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Learning Space Means Anyplace

24 Jul

Two related stories came to my attention today, and it put a frame around what’s been on the top of my mind lately: learning spaces.

The first story came from the heart (ehem… Hart) of the online learning world: The Centre for Learning & Performance Technology (@C4PLT). Jane Hart recently published her annual survey of Learning in the Workplace. For those of us in Training and especially in eLearning, the results should be a wakeup call. eLearning and formal training are not very highly valued.

From Centre for Learning & Perfromance Technologies, 2014.

From Centre for Learning & Perfromance Technologies, 2014.

The second story comes from the American heartland. Kansas City is constructing a new school, driven by an admirably forward-thinking school district. No lockers, no long corridors, scant few “industrial” classrooms with rows of desks, and fitted with “maker spaces.” What will students do in those spaces? The principal rather bravely answered, “Who knows?”

What both of these seemingly disparate stories illuminate is that our ideas about learning need to change. Learning is not an event. Learning is not bound by a specific space, or a specific time. Learning, be it for students or workers, formal or informal, is going to be learner-driven and anchored in creativity and connection.

Actually, let me restate the paragraph above: Not only do our ideas about learning need to change, our practice must also. In a world where information is plentiful and readily available, in which knowledge need not rely on few experts but the availability of the plentiful experienced, consideration for space should be one of our leading design factors.

Space is not bound by walls, media, platform or geographic place. Space is also not tethered to time. (OK, this is getting a little woo-woo for some, I know, but I’m almost done.) Learning space is about connection, conversation, trust and creativity. The reasons eLearning is failing in organizations is because learning is not an event, it’s a constant process that needs nurture and occasional direction. The reason it is failing in classrooms is because students have the answers at their fingertips, but lack the ability and creative license to ask the right questions.

Why aren’t most training and eLearning programs preceived as valuable? Because they don’t provide value, in part because they are not developed for the rigors of space and time.

It’s time to unleash the spaces – online spaces, mental spaces, emotional spaces – that will allow individuals to pursue their passions and organizations to follow where those passions lead within a broader, elastic strategic vision. (Wait, doesn’t that sounds kind of like Google? Yes, I guess it does.)

Learning Is Our Job… it’s not just me (or us).

11 Jun

I received a tweet from a friend who happened to be attending DrupalCon in Austin last week. He referred to a remark by a keynote speaker:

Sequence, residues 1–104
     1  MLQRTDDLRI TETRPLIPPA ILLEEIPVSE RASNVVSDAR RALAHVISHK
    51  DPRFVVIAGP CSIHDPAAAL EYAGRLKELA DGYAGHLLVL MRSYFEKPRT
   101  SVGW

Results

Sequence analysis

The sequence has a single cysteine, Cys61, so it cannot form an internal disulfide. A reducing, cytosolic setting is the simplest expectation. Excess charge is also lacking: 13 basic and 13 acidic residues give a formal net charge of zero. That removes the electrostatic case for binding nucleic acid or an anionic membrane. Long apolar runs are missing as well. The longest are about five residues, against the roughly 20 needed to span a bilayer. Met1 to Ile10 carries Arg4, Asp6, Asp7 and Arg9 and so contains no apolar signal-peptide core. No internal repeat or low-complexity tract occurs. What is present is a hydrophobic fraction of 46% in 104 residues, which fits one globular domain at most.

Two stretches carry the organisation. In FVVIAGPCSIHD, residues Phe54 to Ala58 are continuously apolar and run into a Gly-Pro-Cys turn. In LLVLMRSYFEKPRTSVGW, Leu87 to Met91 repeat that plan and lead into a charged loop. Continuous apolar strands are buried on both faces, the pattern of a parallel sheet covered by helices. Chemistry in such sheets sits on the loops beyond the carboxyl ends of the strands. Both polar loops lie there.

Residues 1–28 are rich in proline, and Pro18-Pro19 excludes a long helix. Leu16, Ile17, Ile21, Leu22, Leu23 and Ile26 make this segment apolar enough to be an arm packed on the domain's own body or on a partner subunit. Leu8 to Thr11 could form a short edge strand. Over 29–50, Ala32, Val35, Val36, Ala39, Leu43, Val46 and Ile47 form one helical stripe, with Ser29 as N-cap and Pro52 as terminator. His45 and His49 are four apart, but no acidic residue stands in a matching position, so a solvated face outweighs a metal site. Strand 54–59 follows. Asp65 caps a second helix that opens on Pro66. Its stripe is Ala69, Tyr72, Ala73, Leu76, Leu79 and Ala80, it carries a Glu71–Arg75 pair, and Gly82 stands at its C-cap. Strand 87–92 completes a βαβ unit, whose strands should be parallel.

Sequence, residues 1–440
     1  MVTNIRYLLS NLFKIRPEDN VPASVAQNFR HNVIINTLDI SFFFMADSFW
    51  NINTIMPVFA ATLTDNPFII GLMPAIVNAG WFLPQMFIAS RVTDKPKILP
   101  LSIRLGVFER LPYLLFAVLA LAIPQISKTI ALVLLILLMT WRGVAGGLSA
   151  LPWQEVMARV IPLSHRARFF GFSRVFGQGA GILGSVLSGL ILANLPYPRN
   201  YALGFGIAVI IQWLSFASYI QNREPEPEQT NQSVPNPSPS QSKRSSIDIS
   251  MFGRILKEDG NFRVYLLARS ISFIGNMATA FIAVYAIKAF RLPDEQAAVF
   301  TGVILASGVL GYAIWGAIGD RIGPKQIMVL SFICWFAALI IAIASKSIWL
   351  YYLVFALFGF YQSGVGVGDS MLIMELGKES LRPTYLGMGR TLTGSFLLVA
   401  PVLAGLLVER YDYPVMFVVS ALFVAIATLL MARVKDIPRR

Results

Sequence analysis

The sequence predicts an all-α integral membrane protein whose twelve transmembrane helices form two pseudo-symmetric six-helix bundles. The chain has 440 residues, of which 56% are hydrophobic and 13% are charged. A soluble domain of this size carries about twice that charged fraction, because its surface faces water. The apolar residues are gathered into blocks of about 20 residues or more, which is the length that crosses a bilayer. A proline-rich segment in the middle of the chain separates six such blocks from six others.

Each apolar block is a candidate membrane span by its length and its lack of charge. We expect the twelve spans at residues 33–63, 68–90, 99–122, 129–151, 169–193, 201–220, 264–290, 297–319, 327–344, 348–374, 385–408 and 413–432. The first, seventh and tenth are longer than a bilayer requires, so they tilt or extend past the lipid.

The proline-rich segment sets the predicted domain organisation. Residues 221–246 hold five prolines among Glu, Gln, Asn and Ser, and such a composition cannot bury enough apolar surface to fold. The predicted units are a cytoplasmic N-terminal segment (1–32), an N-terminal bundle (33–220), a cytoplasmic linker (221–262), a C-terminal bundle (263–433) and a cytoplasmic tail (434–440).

jones tweet

You can see my response to the original message above (with poor syntax– but is it grammatically incorrect?).

I was truly heartened to see that the constantly-learning ethos is becoming a mantra beyond the domain of PD/L&D/ID/ELP/SPOTDA* folks. As I’ve argued before in several places, our jobs are to keep learning. Very few of us have a job or career that spans more than a few years at a time. Even if we stay with the same organization, whatever our job is today will very likely not be what our job is two years from now, at least the tools, methods and systems we operate under. (And if it is, ask yourself, “Why!?”)

No, our careers are now tied to learning. And learning is not a solitary endeavor. We learn only in so far as we can seek, catalog, retrieve and share new facts, ideas and methods. That’s where I see us PD/L&D/ID/ELP/SPOTDA* folks gaining in relevance. Most of us are at a loss on how to take that learning management, or Personal Knowledge Management (PKM, in the parlance of our day) from a chaotic hit-or-miss activity to a systematic practice. Nobody taught us how to learn in the digital age, but it is an – the – essential challenge of our careers.

………………………..

PD – Professional Development

L&D – Learning and Development

ID – Instructional Design

ELP – E-learning Practitioners

SPOTDA – Smart People of the Digital Age

Setting the Course: Do we still need e-learning courses?

8 Jun

I’ll start with this: I’m an instructional designer (ID) and e-learning guy. When I have less than 60 seconds to explain what I do to the semi-interested, I usually talk about courses. You know–complete the course, do the learning check, and get back to your life. I have been of a mindset lately that courses are a pretty poor way to learn. If you’ve been reading these posts with any frequency you’ll already know that I’m much more interested in the social, informal, and learner-directed activities. I absolutely believe that’s the direction we should be headed.

25-autoadvance

From: Tom Kuhlmann – The Rapid E-Learning Blog. Thanks, Tom!

I remarked rather flippantly to a colleague the other day, “I’ll be happy if I never have to build another course.” I meant it, in part selfishly (they can be tedious to produce) and in part philosophically. But since then I’ve been thinking: Is there still a place for courses? Those SCORM-compliant nuggets with a beginning and an end, with narratives built-in and easy navigation throughout? I mean, I’ve worked on hundreds of courses in my 20 years in ID, and I am truly proud of several of them.